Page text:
Is Your Hometown on This List of Cities Expected to Flood 200 Days a Year?
Flooded roads, piles of sandbags, and rubber boots will become the norm for more than two dozen East Coast and Gulf communities in the United States, according to a study released Wednesday.
Researchers said massive increases in tidal flooding are expected over the next three decades. That means Miami; Atlantic City, N.J.; Annapolis, Md.; and Chesapeake Bay could see more than 200 days of tidal flooding annually by 2045, affecting infrastructure, homes, roads, and more.
The report, released by the Union of Concerned Scientists, was supposed to focus on storm surges and hurricane effects, but after looking at the startling data behind projected tidal flooding levels, the researchers shifted gears.
“We found the tides themselves so compelling, we focused on them,” said Melanie Fitzpatrick, a climate scientist and the study’s lead author. “We’re talking about two-thirds of the communities we looked at seeing a tripling in flooding from high tides over the next 15 years. We didn’t expect to see that such effects could happen so quickly.”
What do coastal towns look like 30 years in the future? More like New York’s Jamaica Bay, where flooding occurs so regularly now that officials send out a calendar alerting residents of high tides and when to avoid parking on streets.
“They have days where rowboats are the mode of transportation down some roads,” Fitzpatrick said. “That’s something that could become the norm elsewhere.”
Fitzpatrick and her colleagues took historical tidal flood data from 52 of the National Oceanic and Atmospheric Administration’s gauge points along the Eastern Seaboard for a baseline and added projected sea level rise over the next 30 years to the data.
“We’re looking at sea level rise in a 30-year span—the typical lifetime of a mortgage—of around 11 inches,” she said. “That leaves about half the towns we looked at facing more than 100 floods a year.”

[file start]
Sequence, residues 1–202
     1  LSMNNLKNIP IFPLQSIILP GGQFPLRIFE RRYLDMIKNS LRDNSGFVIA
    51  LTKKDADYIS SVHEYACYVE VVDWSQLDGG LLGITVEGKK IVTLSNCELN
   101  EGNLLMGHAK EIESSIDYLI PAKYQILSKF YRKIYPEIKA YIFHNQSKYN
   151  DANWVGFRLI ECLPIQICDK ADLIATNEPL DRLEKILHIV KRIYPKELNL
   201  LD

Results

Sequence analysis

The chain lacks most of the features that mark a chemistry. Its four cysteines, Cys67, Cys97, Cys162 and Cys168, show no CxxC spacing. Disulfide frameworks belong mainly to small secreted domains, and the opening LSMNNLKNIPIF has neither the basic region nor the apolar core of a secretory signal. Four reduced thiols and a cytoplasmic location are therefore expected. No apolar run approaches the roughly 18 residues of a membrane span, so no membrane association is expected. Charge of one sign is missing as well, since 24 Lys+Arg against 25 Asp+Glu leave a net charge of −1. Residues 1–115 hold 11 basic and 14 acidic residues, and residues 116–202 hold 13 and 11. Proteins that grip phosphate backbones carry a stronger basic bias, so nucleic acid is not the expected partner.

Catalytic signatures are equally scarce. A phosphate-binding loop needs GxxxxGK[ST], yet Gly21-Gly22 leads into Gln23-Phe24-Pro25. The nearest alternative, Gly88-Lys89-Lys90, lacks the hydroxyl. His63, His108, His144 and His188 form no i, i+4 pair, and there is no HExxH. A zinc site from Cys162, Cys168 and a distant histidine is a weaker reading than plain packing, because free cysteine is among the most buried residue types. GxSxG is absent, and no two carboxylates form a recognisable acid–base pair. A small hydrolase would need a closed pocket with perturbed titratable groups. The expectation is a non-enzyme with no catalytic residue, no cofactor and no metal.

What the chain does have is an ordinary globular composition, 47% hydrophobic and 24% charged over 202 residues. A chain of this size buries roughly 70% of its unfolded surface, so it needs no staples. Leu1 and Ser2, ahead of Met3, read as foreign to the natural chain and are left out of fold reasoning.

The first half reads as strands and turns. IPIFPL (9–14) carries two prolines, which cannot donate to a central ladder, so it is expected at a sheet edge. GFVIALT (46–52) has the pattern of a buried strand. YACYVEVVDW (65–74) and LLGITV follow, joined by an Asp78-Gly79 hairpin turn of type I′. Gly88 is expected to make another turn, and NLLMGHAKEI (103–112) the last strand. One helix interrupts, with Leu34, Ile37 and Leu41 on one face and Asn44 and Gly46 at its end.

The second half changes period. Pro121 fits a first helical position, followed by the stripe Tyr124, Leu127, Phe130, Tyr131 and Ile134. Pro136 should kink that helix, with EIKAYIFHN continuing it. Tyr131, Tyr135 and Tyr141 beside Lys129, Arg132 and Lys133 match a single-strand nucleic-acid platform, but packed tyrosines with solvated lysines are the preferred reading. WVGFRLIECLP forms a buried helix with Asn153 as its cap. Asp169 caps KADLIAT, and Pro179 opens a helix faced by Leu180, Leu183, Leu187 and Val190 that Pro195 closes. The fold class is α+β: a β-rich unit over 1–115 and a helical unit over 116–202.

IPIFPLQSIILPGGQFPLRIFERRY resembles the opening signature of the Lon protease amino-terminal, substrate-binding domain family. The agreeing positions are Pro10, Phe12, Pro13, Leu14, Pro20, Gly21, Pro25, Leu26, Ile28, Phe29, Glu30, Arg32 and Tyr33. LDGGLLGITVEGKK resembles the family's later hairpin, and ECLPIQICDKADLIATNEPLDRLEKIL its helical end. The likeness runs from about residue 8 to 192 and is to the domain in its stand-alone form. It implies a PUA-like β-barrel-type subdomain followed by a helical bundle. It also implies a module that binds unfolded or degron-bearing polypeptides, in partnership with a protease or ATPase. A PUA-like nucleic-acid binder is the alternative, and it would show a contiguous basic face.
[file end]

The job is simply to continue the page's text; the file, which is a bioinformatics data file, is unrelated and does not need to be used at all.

The scientists relied on projections from the 2014 National Climate Assessment, which calculates sea level rise based on land ice from Greenland and Antarctica melting into the oceans.
UCS researchers then selected sea level rise projections that accounted for “intermediate high” levels of sea level rise—basically the middle ground of what scientists think could occur.
Researchers looked at the baseline of tidal flooding, often called “nuisance” floods. While usually labeled “minor,” tidal flooding can escalate when accompanied by heavy rains or offshore storm surges.
“I look at it like a basketball game,” Fitzpatrick said. “A slam dunk is a flood. Right now, you have a few slam dunks a game, but now imagine the floor is raised 11 inches. You’d have a lot more slam dunks.”
If the tidal flood baseline moves up nearly 11 inches, the damage from a storm surge or heavy rains would be exponentially greater.
That’s led communities already dealing with flooding to look at infrastructure upgrades to combat flooding. Miami Beach is considering $400 million in improvements to storm-water sewer systems to prevent seawater from backing up into pipes.
Norfolk, Va.—a city built on sinking ground—faces a $1 billion bill for infrastructure fixes and plans to return some coastal parks to wetlands. The U.S. Naval Academy in Annapolis is installing “door dams” to protect building entrances from flooding.